The student news site of Clements High School

The RoundUp

The student news site of Clements High School

The RoundUp

The student news site of Clements High School

The RoundUp

Change From the Small Things: VOSAP Debate Competition

Promotional flyer by VOSAP

A sewing machine can save a life.

As insignificant as it may seem, that one item empowers people with disabilities to become financially independent because even people with mobility impairments can tailor garments at home or make and sell clothing. 

But Voice of Specially Abled People, the international organization responsible for the donations, doesn’t intend to stop there – the Clements branch of VOSAP’s youth program, Ignite, is hosting a virtual debate competition on March 29 and 30 from 9:30 a.m. to 3 p.m. open to students in grades eight to 12 to advocate for the inclusion of specially-abled people. Registration is due by March 24.

“The main [purpose] is to spread awareness,” Clements VOSAP branch co-founder Khushi Patel said. “As we involve more people in the competition, more people are getting to hear different viewpoints from everyone else who’s involved in the competition. Also, as they research for the topics that they have to prepare about, they learn more.”

The competition will consist of four rounds, each featuring a different topic, ranging from specially-abled students’ representation in educational institutions to the use of technology to eliminate genetic disabilities, all intended to bring the issues surrounding specially-abled people into the spotlight.

“Specially abled people are everywhere but a lot of times their needs go ignored,” Patel said. “They don’t receive the same treatment or the same consideration as other people.”

Internationally, VOSAP funds medical research and treatment and distributes assistive technology to empower specially-abled people. However, prominent physical and social barriers remain, from the lack of wheelchair-accessible ramps to prejudice-ridden social spheres. 

Graphic by Karen Wei

“I think an accessible future comes in two main ways,” Patel said. “First, at the physical level, like when it comes to making schools more accessible, making public areas more accessible. But then second, at the social level, like making sure that specially-abled people feel welcome into society, not like they’re ostracized.”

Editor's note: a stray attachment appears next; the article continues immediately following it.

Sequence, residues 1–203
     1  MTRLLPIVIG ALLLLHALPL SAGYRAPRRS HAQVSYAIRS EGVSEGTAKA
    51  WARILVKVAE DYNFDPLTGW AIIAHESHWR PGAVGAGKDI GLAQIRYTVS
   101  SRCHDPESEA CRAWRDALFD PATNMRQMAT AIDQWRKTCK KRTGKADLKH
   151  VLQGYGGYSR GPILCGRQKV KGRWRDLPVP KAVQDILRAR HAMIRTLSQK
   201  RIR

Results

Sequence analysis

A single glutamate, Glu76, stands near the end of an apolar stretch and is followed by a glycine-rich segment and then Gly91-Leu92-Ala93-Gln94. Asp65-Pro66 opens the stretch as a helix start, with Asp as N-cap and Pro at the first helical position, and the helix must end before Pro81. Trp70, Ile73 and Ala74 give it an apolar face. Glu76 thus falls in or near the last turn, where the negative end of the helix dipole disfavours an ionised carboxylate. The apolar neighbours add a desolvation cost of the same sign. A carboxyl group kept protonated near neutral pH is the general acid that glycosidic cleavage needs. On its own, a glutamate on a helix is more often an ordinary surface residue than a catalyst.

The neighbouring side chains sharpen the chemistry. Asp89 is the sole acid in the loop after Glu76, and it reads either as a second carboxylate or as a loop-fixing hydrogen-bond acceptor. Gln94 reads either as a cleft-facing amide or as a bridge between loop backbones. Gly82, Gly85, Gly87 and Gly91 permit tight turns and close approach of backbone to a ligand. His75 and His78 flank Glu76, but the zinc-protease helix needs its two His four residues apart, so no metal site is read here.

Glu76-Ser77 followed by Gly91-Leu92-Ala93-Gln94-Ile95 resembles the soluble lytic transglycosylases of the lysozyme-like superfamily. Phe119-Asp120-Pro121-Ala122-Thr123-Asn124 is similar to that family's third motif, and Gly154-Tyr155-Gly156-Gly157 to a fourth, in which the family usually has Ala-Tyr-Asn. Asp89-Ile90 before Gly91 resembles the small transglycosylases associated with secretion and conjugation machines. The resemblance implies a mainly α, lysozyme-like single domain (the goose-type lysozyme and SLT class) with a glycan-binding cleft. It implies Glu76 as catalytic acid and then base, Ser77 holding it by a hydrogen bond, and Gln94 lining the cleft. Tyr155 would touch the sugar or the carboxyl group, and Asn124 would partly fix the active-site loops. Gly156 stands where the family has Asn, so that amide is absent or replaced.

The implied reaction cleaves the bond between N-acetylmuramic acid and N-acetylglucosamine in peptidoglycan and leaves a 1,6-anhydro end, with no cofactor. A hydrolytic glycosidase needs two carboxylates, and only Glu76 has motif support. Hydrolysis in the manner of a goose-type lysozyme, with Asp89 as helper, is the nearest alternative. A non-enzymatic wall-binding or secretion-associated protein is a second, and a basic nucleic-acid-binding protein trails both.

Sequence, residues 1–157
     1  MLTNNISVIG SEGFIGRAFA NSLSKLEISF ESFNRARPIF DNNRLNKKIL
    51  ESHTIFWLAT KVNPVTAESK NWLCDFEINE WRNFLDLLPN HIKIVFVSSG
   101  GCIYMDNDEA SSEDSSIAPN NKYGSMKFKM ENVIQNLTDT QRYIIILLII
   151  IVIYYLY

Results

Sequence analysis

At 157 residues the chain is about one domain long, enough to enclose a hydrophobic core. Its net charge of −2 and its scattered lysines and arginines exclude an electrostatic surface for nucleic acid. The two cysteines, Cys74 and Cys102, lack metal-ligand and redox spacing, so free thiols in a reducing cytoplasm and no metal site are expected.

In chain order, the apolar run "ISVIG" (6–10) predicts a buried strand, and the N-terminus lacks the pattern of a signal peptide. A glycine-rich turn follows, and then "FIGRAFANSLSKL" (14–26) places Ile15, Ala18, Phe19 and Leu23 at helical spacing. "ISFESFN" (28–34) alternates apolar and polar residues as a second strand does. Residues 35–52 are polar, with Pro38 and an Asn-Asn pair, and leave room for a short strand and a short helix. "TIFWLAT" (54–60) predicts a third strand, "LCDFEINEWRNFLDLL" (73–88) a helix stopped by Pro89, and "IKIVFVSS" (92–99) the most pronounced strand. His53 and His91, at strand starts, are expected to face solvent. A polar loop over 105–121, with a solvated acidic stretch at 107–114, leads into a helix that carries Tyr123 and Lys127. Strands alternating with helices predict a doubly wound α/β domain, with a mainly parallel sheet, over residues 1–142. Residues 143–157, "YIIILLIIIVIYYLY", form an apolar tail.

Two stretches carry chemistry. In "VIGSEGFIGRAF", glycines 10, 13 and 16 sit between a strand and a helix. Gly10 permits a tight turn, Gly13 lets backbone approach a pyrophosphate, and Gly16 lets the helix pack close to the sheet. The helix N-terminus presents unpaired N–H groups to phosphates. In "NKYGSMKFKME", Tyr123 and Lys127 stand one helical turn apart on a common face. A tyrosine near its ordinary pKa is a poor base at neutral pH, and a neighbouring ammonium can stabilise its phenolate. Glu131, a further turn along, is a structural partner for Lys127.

Aashita Anand, the other co-founder of the Clements VOSAP branch, said her eyes were opened to a different worldview through her volunteer work writing for VOSAP’s website and organizing awareness events.

“I now acknowledge how fortunate and privileged I am for my environment and the opportunities that surround me,” Anand said. “The most rewarding aspect of this comes with acknowledg[ing] that along with this privilege comes gratitude that I’m in the position to contribute positively towards burgeoning communities of people with disabilities that have the potential to do great things.”

VOSAP’s club meetings range from analyzing art from specially-abled artists to presentations on assistive technology and global health. Patel has also partnered with the judge of Fort Bend County, KP George, to improve the accessibility of assistive technology in the Sugar Land area.

“A lot of people don’t realize is that at one point we can all be specially-abled,” Patel said. “As a baby, you had to use a walker, when you’re old, you’re going to have to use a cane. You’re not always going to be abled-bodied forever. So it’s important that we advocate for specially-abled people because advocating for one group of people helps us all ultimately.”

Change, after all, can start with something as small as a sewing machine.


Register for the debate competition here. 

Correction 3/25/24: A previous version of the story said that VOSAP partnered with KP George. It was Patel who individually partnered with KP George. The story has been updated to reflect the correct information.

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About the Contributor
Karen Wei
Karen Wei, Copy Editor
Hi! My name is Karen. I’m a junior and this is my third year on the RoundUp. I love reading and writing; some of my favorite books are “The Moment of Lift” by Melinda Gates and “Becoming” by Michelle Obama. Topics that interest me include social and environmental justice, especially climate change and gender equality. I’m looking forward to making new connections and writing for the RoundUp this year!

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